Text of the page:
The global water crisis has another disturbing dimension. Worsening water shortages are beginning to undermine food production around the world. A recent report states: "For several decades, the increase in food production has out-paced population growth. Now much of the world is simply running out of water for more food production" (Water: More Nutrition Per Drop, 2004). In four out of the last five years, world grain consumption has been greater—by hundreds of tons—than the amount of grain produced. This has depleted reserves and reduced the world supply of grain to the lowest level in 30 years. Much of the decrease in grain production is due to the depletion of ground water used for irrigation and rising temperatures associated with global warming—which limits how much farmers can grow. This downturn in production is occurring as the demand for food grains continues to soar, driven by expanding populations and rising affluence in heavily populated countries.
China offers a prime example of the food-related problems looming on the horizon. Between 1950 and 1998, China increased wheat production from 90 million tons to 392 million tons. However, in four of the last five years, the wheat harvest in China has fallen short of consumption levels by more than 70 million tons—a drop that exceeds the entire grain harvest of Canada! Wells are running dry in many grain-growing areas of China because of the over-extraction of ground water. Rising temperatures are withering crops, and deserts are spreading into once-irrigated cropland, reducing grain production. The Chinese have covered this shortfall by using up their once-massive reserves. They are now beginning to import large amounts of grain to feed their growing and increasingly affluent population, which is driving up grain prices and raising food prices around the world. This will be especially hard on the poor in developing countries who live on less than a dollar a day and spend up to 70 percent of their income on food: they will slowly starve!
The soaring demand for food grains is coming at a time when world food production is slowing down because of a lack of water for irrigation and rising global temperatures. World fisheries are also collapsing due to over-fishing. All this points to a coming period of food scarcity and intensifying competition for dwindling food supplies. While many today see terrorism as a major threat to security, Lester Brown, head of the Earth Policy Institute, believes that "for much of humanity, the effect of water shortages and rising temperatures on food security are far more important issues" (Outgrowing the Earth, 2005). He has also noted that rising food prices [and rising prices for water] could be "life-threatening" to the poor of the world and "could create economic and political stresses on an unprecedented scale… people who are unable to buy enough food to keep their families alive would hold their governments responsible. They would likely take to the streets, creating unprecedented political instability in the Third World cities… The world is moving into uncharted territory on the food front, facing a set of problems on a scale that dwarfs those of the past" (State of the World 1998, p. 17).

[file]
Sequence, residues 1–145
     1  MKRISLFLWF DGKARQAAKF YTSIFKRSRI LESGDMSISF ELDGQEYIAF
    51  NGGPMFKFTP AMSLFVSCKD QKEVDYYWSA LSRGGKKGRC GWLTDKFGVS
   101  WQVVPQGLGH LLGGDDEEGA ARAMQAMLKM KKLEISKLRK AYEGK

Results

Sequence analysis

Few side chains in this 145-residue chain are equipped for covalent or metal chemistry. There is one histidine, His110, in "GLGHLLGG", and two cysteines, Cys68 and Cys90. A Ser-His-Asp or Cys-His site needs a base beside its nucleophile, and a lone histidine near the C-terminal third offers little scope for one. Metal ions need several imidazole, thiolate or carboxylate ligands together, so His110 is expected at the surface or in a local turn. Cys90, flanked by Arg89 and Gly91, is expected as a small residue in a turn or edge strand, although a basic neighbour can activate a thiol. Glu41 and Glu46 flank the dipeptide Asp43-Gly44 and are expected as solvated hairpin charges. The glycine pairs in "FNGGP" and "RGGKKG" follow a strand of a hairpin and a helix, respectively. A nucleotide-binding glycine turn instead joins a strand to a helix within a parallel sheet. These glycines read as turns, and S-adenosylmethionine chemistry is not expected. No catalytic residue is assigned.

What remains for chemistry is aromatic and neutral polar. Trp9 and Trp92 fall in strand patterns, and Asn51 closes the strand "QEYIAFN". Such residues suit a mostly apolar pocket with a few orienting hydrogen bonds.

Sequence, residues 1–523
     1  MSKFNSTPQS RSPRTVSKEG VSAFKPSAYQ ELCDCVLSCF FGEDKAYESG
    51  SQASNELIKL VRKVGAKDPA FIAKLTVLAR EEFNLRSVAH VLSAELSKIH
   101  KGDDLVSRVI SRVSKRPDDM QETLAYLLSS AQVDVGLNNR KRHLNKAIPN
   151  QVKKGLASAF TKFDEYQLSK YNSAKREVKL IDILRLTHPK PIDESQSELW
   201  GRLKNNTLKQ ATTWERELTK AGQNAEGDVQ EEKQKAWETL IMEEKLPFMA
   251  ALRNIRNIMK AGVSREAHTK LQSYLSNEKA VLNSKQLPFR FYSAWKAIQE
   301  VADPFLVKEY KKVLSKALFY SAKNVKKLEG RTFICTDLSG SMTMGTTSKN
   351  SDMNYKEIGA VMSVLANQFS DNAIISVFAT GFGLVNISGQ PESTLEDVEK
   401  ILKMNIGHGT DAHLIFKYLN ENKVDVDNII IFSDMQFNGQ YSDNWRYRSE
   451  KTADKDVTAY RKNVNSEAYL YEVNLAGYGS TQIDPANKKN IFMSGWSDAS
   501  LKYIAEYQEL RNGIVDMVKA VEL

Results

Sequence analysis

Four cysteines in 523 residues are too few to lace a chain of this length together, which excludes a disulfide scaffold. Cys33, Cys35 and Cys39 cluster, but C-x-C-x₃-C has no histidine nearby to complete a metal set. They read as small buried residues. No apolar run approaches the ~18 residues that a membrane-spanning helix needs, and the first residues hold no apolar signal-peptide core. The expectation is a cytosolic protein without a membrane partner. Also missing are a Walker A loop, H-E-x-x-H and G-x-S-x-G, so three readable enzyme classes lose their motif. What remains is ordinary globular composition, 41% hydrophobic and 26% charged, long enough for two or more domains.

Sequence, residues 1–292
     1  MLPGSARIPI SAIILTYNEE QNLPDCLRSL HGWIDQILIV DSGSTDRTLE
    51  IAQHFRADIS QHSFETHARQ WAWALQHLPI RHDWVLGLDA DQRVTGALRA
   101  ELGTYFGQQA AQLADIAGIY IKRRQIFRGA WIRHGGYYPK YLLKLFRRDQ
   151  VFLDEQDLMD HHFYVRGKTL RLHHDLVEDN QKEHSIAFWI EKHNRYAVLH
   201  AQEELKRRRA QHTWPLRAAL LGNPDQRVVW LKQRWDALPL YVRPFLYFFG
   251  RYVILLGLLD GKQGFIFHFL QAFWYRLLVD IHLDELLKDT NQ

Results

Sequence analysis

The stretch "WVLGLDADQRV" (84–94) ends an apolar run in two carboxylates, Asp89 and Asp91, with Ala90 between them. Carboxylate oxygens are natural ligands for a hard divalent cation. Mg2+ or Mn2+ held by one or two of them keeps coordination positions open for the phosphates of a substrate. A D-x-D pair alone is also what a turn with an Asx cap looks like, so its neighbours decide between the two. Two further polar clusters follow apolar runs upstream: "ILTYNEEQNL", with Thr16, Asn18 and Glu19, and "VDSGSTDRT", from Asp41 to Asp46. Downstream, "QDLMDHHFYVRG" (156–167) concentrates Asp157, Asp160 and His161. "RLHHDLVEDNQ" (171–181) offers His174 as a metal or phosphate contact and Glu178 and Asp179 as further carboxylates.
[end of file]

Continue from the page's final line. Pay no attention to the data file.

This troubling world food situation was also foretold long ago in biblical prophecies. Jesus Christ predicted that widespread "famines" and "pestilences" [epidemic diseases] would be a sign that His Second Coming was near (Matthew 24:7; Mark 13:8; Luke 21:11). The Apostle John used one of the fabled Four Horsemen of the Apocalypse to symbolize scarcity and widespread food shortages that would mark the end of this age (Revelation 6:5–6). God also warned His chosen people that if they disobeyed their Creator, their food supply would be disrupted and consumed by their enemies—"you shall sow your seed in vain, for your enemies shall eat it… When I have cut off your supply of bread… you shall eat and not be satisfied" (Leviticus 26:16, 26; see also Deuteronomy 28:30–33; 50–52). This is beginning to happen today!
A third vital resource, generating fierce global competition and violent conflict, is oil. Oil is the lifeblood of our modern industrialized world. It fuels more than 90 percent of the cars, buses, trucks, trains and airplanes that move on this planet. It heats our homes and businesses. It is used to generate electricity, drive factories, and to make plastics, paint, fertilizer, insecticides and dozens of other products. Modern military forces run on oil. Any event that disrupts the flow of oil to industrialized nations will have immediate and catastrophic consequences. Without oil, our industrialized world would grind to a halt. Because our world is so dependent on oil, professor Michael Klare concludes that "petroleum is unique among the world's resources… it has more potential than any of the others to provoke major crises and conflicts in the years ahead" (Blood and Oil, Klare, p. xi). This becomes obvious when we notice ominous trends that are building in the world today.